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Loyola president sees pope's selection as Time Person of the Year as way to bring attention to important issues

December 11, 2013 | By Rita Buettner

Pope Francis photo by Emily Griffin
Pope Francis addresses a crowd in St. Peter's Square. (Photo by Emily Griffin, '14)

The selection of Pope Francis as Time magazine’s Person of the Year can help the pope refocus not just Catholics, but all Christians, on essential issues such as concerns for the poor, says Rev. Brian F. Linnane, S.J., president of Loyola University Maryland.

The choice also speaks to the pope’s contributions during his nine months in the Vatican, the role of the Catholic Church in the world community, and the Pope’s wide spiritual authority, Fr. Linnane says.

“Particularly around Francis there’s this sense of almost returning to the roots of Christianity and recovering the notion of joy,” Fr. Linnane says. “At the same time, this is a man who is not afraid to look at the harshest dimensions of human existence. He has been so vocal on the situation of refugees in Europe and around the world, the role of the marginal, the role of the poor, and the way the world’s economic system is grinding down on the poor—and at the same time he has an infectious love of people and of the human situation.”

When Pope Francis was elected, Fr. Linnane knew little about Cardinal Jorge Bergoglio, other than that he had been archbishop of Buenos Aires.

“You would think he would be very much in the spirit of Benedict and John Paul II—and I’m not saying it’s a huge divergence from that, not at all—but you can see three very distinctive styles,” Fr. Linnane says. “The interesting thing for me is that you would take Benedict as the stereotype of the Jesuit pope: highly erudite, huge scholarly accomplishments, a multi-linguist, very cerebral, and very cultured. But Francis really does get at the essence of the Society of Jesus, which is really the Spiritual Exercises and the power of discernment.”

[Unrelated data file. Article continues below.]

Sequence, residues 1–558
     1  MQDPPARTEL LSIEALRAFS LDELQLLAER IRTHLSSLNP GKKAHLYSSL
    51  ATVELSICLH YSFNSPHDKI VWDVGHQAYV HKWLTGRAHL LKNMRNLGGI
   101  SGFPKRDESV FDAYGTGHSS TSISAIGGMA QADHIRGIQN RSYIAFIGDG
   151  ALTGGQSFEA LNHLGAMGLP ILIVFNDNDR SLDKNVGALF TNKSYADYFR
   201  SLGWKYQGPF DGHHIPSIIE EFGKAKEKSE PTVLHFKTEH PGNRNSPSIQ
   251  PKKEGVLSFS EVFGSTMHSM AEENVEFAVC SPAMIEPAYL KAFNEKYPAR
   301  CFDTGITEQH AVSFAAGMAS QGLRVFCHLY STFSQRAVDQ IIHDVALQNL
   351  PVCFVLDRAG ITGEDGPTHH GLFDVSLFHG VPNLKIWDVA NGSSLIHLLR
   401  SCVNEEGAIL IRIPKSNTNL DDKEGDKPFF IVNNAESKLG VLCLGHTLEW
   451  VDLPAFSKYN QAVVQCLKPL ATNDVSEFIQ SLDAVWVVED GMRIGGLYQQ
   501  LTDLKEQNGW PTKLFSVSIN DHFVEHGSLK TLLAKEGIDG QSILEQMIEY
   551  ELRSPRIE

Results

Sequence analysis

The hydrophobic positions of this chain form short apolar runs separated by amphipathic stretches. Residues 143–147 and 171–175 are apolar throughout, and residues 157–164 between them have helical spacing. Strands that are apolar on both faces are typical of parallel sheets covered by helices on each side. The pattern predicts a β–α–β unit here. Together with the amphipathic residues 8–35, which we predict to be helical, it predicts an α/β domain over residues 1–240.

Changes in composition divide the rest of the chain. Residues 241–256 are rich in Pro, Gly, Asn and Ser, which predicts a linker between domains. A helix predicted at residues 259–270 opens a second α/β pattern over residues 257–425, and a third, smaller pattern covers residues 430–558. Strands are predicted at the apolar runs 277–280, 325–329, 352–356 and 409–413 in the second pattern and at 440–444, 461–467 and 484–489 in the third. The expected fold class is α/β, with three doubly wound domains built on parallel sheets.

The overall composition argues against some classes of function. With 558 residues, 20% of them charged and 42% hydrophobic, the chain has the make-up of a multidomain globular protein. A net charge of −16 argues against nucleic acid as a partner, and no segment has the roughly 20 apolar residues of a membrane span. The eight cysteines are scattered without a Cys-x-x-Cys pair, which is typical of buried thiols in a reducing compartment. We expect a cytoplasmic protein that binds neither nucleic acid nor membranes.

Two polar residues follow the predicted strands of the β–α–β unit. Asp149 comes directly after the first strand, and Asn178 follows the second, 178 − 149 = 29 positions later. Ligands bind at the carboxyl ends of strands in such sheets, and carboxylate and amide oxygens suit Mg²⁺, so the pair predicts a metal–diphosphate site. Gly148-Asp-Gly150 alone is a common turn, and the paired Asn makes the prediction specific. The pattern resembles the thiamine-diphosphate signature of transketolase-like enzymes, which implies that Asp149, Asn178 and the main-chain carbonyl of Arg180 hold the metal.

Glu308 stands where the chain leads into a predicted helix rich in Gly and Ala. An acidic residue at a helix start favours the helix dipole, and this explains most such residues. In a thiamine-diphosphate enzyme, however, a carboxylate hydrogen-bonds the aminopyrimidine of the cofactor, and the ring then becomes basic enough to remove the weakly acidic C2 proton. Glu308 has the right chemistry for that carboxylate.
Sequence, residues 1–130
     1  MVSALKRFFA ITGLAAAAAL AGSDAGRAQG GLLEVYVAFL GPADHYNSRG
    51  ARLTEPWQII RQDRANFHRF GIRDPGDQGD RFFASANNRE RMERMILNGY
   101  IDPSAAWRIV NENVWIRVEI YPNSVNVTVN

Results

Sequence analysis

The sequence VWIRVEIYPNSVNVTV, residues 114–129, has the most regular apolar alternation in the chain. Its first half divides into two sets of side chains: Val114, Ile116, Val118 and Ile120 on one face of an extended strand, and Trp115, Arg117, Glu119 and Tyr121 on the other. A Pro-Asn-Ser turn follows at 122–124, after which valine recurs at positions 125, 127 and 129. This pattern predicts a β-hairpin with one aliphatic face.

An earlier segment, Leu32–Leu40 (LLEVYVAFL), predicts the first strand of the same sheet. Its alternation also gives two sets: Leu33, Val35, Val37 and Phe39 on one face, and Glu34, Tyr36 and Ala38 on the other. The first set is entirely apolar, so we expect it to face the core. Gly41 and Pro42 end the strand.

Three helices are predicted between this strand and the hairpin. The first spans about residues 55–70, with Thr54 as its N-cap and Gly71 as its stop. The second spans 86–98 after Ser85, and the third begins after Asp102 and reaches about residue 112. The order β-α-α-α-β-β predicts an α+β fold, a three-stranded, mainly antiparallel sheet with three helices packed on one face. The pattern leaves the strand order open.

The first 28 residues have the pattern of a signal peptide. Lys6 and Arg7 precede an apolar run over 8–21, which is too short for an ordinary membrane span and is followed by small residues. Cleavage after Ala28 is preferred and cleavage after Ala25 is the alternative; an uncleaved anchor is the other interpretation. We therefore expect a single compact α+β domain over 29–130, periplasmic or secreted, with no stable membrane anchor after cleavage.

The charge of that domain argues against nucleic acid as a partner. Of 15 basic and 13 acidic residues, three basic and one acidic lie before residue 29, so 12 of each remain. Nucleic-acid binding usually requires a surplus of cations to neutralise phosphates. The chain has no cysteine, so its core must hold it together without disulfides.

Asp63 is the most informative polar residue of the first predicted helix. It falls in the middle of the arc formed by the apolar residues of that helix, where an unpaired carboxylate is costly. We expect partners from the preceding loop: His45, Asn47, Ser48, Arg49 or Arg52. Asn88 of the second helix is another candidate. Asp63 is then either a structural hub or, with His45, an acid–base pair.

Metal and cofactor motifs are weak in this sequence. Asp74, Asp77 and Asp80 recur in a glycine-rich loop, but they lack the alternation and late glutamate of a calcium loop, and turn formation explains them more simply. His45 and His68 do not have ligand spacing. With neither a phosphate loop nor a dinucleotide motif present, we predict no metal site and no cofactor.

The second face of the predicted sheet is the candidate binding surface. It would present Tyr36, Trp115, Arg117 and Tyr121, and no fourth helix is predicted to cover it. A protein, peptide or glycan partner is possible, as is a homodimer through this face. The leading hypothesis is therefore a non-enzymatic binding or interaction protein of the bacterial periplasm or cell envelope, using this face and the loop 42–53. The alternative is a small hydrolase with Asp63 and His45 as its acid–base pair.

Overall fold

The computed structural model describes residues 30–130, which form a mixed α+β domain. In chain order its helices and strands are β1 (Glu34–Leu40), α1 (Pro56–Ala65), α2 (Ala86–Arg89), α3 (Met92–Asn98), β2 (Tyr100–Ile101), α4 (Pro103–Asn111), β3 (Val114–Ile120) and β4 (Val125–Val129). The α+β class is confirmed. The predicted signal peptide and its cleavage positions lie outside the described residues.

Fr. Linnane sees the pope’s Jesuit background playing a central role in his leadership.

“Another thing that’s really important and really refreshing is the way in which he brings back a grounded sense of religious mystery. One thing—and I think this comes from his Jesuit heritage—is the idea that God is still active in the world, and it takes us time to determine what God is doing and how to respond to it. In the history of the Church at the times when we have known absolutely certain what God is doing, and we’ve had to take action quickly, we’ve made some really fatal blunders. But Francis has this sense of Jesuit discernment, this idea that we should really go deep here and find out what God is calling us to do.”

When Pope Francis gave a news conference on his way back to the Vatican after World Youth Day, and spoke about homosexuality, Fr. Linnane was struck by how the pope said, “Who am I to judge?”

“And I’m thinking, ‘Well, you’re the pope,’” Fr. Linnane says.

The pope’s leadership is welcome in our world today, Fr. Linnane says. “That’s affecting the Church in a very rich way. When a certain kind of charisma gets institutionalized, an institution really grows.”

He sees how the pope’s Jesuit approach is guiding his leadership and service to people throughout the world. “He’s showing us this is not a church for the pure, it’s a church for the wounded, and that we need to bring close to us those who are wounded.”

Read the story in Time magazine here.

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